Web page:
Two Puzzles about the Ethics of Divestment

Wednesday, October 26, 2022
3:00 PM - 12:00 AM

Presenter: David Boonin, University of Colorado at Boulder

David Boonin is Chair of the Department of Philosophy at the Cuniversity of Colorado at Boulder. He is the author of Thomas Hobbes and the Science of Moral Virtue (Cambridge University Press 1994), A Defense of Abortion (Cambridge University Press, 2003), The Problem of Punishment (Cambridge University Press, 2008) Should Race Matter? (Cambridge University Press, 2011), The Non-Identity Problem and the Ethics of Future People (Oxford University Press, 2014) and Beyond Roe: Why Abortion Should be Legal Even if the Fetus is a Person (Oxford University Press, 2019), and Dead Wrong: The Ethics of Posthumous Harm (Oxford University Press, 2019) as well as a number of articles on such subjects as animal rights, euthanasia, same-sex marriage, and our moral obligations to future generations.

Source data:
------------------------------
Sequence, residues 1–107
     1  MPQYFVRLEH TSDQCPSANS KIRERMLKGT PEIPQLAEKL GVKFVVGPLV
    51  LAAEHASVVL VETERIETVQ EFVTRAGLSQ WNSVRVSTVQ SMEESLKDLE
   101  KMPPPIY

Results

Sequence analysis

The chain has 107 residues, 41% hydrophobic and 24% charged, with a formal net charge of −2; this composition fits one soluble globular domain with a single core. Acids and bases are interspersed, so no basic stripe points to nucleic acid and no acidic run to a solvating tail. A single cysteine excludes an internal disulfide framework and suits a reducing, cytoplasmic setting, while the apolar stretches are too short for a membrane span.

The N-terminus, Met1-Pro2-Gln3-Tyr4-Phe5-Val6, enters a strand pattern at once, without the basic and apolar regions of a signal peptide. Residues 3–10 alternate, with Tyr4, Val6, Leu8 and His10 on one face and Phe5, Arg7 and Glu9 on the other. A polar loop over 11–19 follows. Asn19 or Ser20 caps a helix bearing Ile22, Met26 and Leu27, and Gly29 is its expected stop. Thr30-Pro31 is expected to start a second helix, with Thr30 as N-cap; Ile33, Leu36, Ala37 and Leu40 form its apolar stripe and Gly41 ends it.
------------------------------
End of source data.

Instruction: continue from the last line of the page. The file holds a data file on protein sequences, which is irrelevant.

Suppose you own stock in Acme Corp. and you learn that it consistently acts in seriously immoral ways. What should you do? A common answer maintains that owning stock in Acme Corp. makes you complicit in its immoral behavior and that you should therefore divest yourself of it. But as Steven M. Cahn has argued, there seems to be something puzzling about this answer. If you sell your stock to someone, then they will own it. If it’s wrong to own the stock, then they’ll be doing something wrong. So if you divest yourself of the stock, you’ll be helping someone do something wrong. But it seems wrong to help someone do something wrong. So how can a company’s immoral behavior make it wrong for you to own stock in the company but not make it wrong for you to get rid of the stock by selling it to someone else? In this talk, Professor Boonin will present two versions of Cahn’s divestment puzzle and explain the reasoning that leads to each of them. He will then discuss the published responses that have appeared since Cahn first presented the puzzle and argue that none of them are successful. Professor Boonin will conclude by defending an alternative response.

This presentation is sponsored by Philosophy Department and part of the Fall 2022 Colloquium Series.

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Joshua Preiss